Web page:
GREEN BAY – A few weeks ago, Aaron Rodgers and members of the Packers' leadership council sat down for an informal roundtable discussion with the rookie class.
It's a meeting the team has conducted in the past, designed to help young players get to know the veterans while also gaining an understanding of what's expected of them at this level.
After Packers director of player engagement Grey Ruegamer pulled everyone together, Rodgers gave his own spiel to the young players seated across from him before ultimately listing off one player in particular who exemplifies what it means to be a pro: starting right tackle Billy Turner.
"I highlighted the way Billy goes about his business," recalled Rodgers this week. "You guys probably wouldn't see this a whole lot but he does the same thing just about every day. Every day he works on his pass sets after his workouts, and every day before practice he works on his pass sets and his punch.
"This is a guy who's played a lot of football. He's been in the league for a while. But his consistency at his craft is every single day and I think the best players do those things."
Turner has been an invaluable, yet understated, presence on the Packers' offensive line since he signed with the team as an unrestricted free agent during the same 2019 offseason that brought Za'Darius Smith and Preston Smith to Green Bay.
Versatility and reliability have been two of Turner's greatest strengths throughout his eight NFL seasons, both of which the Packers have tapped into during his time here.
To date, Turner has started 22 games at right guard, 10 at right tackle and six at left tackle in 38 games (including playoffs) with Green Bay. His 2,217 offensive snaps played are the most on the Packers' offensive line since the start of the 2019 season.
This year has been a bit different. The Packers not only have leaned on the 6-foot-5, 310-pound offensive lineman as their starting right tackle but also as a veteran presence on the field with both All-Pro left tackle David Bakhtiari and Pro Bowl left guard Elgton Jenkins currently on the mend.
"I'd say he's the rock," Head Coach Matt LaFleur said of Turner. "He's such a great example for everybody to look at in terms of how he goes about his business on a daily basis. You'll see him … doing the little things in the training room, taking care of his body, 'cause he knows that for guys to go out there and play at the best of their ability they've got to get their body right.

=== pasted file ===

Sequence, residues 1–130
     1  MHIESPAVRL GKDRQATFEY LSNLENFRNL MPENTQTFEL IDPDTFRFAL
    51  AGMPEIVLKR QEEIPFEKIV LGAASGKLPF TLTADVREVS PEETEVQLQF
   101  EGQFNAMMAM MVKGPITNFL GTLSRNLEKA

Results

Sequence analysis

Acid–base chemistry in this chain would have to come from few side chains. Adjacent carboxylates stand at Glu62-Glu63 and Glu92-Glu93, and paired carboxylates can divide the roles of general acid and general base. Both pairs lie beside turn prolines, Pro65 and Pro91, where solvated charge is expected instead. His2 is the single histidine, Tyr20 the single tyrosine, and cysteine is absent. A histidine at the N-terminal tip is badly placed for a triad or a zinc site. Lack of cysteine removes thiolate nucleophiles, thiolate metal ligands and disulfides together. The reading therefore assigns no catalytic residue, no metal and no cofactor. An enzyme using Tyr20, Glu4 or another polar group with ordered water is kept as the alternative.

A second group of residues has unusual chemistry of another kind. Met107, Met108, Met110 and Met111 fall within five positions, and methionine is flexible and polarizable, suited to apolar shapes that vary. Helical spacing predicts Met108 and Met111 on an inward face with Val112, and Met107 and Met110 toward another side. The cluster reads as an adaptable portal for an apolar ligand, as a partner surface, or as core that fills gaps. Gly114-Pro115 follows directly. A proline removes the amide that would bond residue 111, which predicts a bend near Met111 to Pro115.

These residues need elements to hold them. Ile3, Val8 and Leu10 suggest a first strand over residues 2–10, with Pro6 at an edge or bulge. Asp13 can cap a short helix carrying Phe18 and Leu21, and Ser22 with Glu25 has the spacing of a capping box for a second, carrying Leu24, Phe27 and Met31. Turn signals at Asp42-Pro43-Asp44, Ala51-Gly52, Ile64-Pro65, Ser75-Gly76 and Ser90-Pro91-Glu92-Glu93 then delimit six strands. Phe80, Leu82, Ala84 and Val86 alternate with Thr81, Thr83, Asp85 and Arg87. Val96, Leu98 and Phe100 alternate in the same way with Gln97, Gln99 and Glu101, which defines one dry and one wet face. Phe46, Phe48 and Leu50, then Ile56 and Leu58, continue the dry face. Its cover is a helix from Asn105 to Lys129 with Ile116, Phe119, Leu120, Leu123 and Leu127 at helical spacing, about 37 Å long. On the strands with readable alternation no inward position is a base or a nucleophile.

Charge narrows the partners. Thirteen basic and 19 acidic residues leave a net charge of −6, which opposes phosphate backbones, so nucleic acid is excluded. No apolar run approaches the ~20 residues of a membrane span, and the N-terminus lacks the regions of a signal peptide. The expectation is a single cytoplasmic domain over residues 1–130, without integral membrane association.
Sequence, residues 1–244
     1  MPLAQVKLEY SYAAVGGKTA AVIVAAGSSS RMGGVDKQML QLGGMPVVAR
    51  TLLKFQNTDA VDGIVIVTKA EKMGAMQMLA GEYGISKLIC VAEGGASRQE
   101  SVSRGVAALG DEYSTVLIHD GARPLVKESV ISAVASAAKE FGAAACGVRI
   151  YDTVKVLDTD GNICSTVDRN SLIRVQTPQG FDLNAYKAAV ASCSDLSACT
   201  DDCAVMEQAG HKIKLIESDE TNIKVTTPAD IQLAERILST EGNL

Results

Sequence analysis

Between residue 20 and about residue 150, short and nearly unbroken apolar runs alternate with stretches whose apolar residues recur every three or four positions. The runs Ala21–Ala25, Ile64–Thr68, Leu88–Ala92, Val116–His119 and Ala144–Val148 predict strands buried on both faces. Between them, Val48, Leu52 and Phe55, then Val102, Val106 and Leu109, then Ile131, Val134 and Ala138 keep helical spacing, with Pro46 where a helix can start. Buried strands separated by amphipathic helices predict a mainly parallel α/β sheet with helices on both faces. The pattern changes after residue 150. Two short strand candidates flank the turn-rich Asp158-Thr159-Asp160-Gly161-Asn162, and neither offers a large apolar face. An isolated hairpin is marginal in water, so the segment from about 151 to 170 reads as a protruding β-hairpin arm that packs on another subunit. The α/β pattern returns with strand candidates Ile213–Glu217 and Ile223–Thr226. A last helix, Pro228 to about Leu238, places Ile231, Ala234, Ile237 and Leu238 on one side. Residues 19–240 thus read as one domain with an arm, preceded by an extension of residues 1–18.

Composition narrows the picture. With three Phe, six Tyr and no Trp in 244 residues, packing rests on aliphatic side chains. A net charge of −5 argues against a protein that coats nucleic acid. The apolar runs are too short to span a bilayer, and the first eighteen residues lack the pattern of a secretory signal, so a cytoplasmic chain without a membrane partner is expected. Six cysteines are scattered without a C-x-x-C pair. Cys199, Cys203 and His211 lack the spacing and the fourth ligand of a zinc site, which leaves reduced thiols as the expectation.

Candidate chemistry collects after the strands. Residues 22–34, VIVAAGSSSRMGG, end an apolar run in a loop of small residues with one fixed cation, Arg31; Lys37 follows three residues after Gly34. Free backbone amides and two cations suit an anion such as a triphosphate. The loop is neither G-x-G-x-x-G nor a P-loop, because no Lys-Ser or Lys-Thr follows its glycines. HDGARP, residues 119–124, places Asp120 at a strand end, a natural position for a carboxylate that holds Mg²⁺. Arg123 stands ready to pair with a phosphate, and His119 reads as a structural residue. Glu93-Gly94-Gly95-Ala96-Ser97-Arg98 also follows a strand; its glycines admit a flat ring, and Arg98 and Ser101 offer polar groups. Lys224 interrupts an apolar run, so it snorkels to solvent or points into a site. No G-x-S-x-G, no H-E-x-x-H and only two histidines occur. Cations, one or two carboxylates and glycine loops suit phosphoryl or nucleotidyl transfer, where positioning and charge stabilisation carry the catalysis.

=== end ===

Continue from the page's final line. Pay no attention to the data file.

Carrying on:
"I think, when needed, he provides a calming voice in that room and a veteran experienced voice that those guys lean on."
While Turner says nothing changed from previous years in the leadership department, the eighth-year veteran has brought unquestionable stability to a young O-line consisting of four starters (Yosh Nijman, Jon Runyan, Josh Myers and Royce Newman) who hadn't combined for a single NFL start prior to last month's opener against New Orleans.
It's not just the rookies Turner has impacted, either. As Rodgers illustrates, even an established lineman like Jenkins followed Turner's lead after watching some pre-practice drills and exercises his fellow O-lineman was doing in training camp.
"Watching Billy Turner has been really inspiring for so many other guys," Rodgers said. "He's doing this every single day before practice in training camp and the next thing you know, Elgton's doing it too. I think that's the mark of any great pro. You kind of set the standard with your work ethic and allow for other guys to come along if they're ready."
Individually, Turner is off to another strong start at right tackle. Last week against Pittsburgh, he had the unenviable task of having to block three-time All-Pro pass rusher T.J. Watt, but as he has all season, Turner helped keep things quiet on the right side of Green Bay's line during a 27-17 victory.
While always understanding his position could change at any given moment, Turner has enjoyed the consistency that's come with playing all 257 offensive snaps at right tackle this season.
It's the position he was projected to start throughout last year before injuries pushed him inside to guard for a short time. Turner finished the year at left tackle after Bakhtiari tore his anterior cruciate ligament on New Year's Eve.
The key for Turner is preparation. In a game where players truly can only control what they control, Turner feels the extra work on the practice field is what keeps him locked in.
"I do a lot of the same things daily because at the end of the day, offensive-line play is about consistency and that is 100% about your technique," Turner said. "Usually if you get beat as an offensive lineman, yeah, there's a physical specimen across from you, but if you get beat, it's usually your technique that beats you.
"So that's why I'm very consistent with the things that I do pre-practice and post-practice because I know that consistency's the name of the game, and I know that I have to go out there and perform the same every week."
You won't find Turner throwing bouquets for himself, though. When pressed about the praise he's received from teammates and coaches this season, the 29-year-old focuses on what he could do better and the plays he'd like to have back.
With Jenkins returning to practice on Thursday in a limited capacity, there does appear to be some light forming at the end of the tunnel for the O-line. But even as Turner shies away from the individual recognition, his Packers teammates and coaches understand how integral he's been to the team's 3-1 start.
"He's the unsung hero," offensive coordinator Nathaniel Hackett said. "(He's) such a great example to just the whole team of, 'Hey, whatever you're asked to do, just put your head down and do your best.' All the guys see that in him; just the type of person he is, he's unbelievable. We're very grateful that we've got him as our rock in the line."